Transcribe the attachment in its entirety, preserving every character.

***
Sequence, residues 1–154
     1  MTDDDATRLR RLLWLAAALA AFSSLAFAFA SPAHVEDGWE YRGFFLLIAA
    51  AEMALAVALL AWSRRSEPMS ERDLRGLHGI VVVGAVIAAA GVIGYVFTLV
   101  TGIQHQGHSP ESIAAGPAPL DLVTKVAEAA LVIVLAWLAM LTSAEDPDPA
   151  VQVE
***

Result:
Sequence, residues 1–154
     1  MTDDDATRLR RLLWLAAALA AFSSLAFAFA SPAHVEDGWE YRGFFLLIAA
    51  AEMALAVALL AWSRRSEPMS ERDLRGLHGI VVVGAVIAAA GVIGYVFTLV
   101  TGIQHQGHSP ESIAAGPAPL DLVTKVAEAA LVIVLAWLAM LTSAEDPDPA
   151  VQVE